• Add cumin seeds, red chilli and bayleaves.
  • Once the seeds start to sizzle, add the garlic, chilies and cloves.  Stir and cook until the garlic begins to brown
  • Add the spices and cook for about 15 seconds to cook the spices. Keep stirring to prevent sticking.
  • Add the dudhi, dal, mangosteen and curry leaves and mix to ensure that it is all coated well.
  • Turn heat down and cover the pan. If you are using a pressure cooker, don’t add the weight.
  • Cook until the dudhi and the dal softens. This can take up to half an hour. This slow cooking allows some of the gram from the dal to soak into the juices from the dudhi creating a slightly creamy texture. Don’t add any water as the dudhi has more than enough to cook the dal. Every now and again, give it a stir to make sure it doesn’t stick.
  • Once the dudhi is softened, add the tomatoes and lemon juice (if you feel it is not sour enough) and cook for a further 5 minutes
  • Garnish with coriander and serve with rice, rotlis or parathas.

Roasted veg potato cakes

These would work with left over roast veg but as I didn’t have any so roasted from fresh. Plus ideally I would have liked to bake them in the oven as it’s healthier but time was limited (tot was on way home for lunch) so I shallow fried them.  I liked them better than tot who like most [fussy] eaters of her age tends to treat all new things with a great deal of suspicion. That was was fine as it meant that I was able to scoff a load for my lunch as she nibbled on 3 for hers.

Ingredients

  • 1 parsnip
  • 2 medium-sized potatoes
  • 1/2 carrot
  • 10 g unsalted butter
  • 25 g cheese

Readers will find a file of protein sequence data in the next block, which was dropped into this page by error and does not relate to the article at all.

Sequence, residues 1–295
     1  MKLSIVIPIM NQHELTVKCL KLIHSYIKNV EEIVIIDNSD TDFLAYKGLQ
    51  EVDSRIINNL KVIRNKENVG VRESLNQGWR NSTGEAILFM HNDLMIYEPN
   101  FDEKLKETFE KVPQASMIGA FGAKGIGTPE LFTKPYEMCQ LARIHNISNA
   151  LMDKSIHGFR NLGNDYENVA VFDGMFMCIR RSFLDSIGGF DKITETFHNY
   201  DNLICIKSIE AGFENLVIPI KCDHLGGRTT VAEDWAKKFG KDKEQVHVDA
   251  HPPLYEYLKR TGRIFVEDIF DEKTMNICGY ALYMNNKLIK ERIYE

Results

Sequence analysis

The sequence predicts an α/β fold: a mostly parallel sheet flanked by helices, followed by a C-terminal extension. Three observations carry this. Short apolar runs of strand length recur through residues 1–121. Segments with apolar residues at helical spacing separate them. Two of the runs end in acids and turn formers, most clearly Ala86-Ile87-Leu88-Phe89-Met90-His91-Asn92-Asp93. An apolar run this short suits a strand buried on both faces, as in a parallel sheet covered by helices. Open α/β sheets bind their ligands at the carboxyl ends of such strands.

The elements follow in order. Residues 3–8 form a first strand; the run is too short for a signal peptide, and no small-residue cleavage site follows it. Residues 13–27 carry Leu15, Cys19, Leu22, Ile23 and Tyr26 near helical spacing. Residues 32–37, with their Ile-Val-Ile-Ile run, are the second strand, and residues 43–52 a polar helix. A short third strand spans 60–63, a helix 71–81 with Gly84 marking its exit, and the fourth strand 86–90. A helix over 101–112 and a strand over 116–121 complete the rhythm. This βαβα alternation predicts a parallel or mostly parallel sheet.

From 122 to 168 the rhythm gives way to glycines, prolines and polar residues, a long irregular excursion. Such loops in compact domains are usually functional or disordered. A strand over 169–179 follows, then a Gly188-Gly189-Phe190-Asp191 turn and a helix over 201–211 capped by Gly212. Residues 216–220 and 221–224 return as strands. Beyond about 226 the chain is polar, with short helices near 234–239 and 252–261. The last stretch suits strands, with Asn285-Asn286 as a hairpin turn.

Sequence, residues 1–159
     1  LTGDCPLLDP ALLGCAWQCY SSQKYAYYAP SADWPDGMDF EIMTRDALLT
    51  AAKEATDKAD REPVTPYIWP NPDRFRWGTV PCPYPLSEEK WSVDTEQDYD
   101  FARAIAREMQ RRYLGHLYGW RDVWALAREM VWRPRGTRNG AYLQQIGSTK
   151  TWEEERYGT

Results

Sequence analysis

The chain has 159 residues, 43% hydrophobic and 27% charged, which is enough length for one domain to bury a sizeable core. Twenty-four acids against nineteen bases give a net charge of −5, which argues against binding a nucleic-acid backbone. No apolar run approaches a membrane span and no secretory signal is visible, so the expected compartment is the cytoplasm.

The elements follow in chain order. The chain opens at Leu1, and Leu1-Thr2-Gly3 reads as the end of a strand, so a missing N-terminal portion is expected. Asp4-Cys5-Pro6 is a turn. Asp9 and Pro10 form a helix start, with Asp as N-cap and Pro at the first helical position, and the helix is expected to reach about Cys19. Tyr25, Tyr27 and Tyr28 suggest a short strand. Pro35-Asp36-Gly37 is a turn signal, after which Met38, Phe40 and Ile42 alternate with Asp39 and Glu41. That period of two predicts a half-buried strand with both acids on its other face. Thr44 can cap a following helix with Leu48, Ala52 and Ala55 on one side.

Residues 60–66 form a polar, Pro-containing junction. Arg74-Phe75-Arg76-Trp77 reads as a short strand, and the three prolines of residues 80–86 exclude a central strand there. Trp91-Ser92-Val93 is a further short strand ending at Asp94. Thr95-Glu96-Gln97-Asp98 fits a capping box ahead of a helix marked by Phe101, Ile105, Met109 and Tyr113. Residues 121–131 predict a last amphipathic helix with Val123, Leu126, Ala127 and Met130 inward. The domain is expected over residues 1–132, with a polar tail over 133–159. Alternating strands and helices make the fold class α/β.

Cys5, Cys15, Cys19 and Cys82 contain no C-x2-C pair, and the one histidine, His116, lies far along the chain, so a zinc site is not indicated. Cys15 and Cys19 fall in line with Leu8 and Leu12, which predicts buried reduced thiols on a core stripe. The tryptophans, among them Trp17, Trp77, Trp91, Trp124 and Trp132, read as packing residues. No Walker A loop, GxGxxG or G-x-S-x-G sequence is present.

• 2 tbs plain flour
  • Dash of soy sauce
  • 1/2 tsp ginger powder
  • Season to taste
  • 2 tbs olive oil for roasting
  • 2 tbs Olive oil/15g butter for shallow frying

Cooking

  • Pre-heat oven to 180 degrees
  • Wash then peel parsnips and carrot. Cut them into cubes of roughly equal sizes
  • Today I peeled the potatoes and cut them into cubes but in future I’ll leave the skin on as somehow the taste is better methinks.
  • Put into a roasting pan and pour over olive oil
  • Roast until the veg are soft
  • Once cooked, put all veg into a bowl and mash to smithereens ensuring it’s all well combined. (You may want to peel the potatoes first if roasted in skins)
  • Mix in soy sauce, ginger powder, cheese, seasoning if using and butter. Again combine well
  • Add flour. Do this a little at a time until the mixture comes together into a ball. It will still be slighty sticky
  • Divide into 12 equal portions and form into little handhold-able shapes
  • Shallow a few at a time in the olive oil/butter mix being careful to turn frequently to prevent burning
  • Serve with your tot’s favourite dip – we had ours with reduced fat soured cream and chives dip today.

Lemon drizzle cake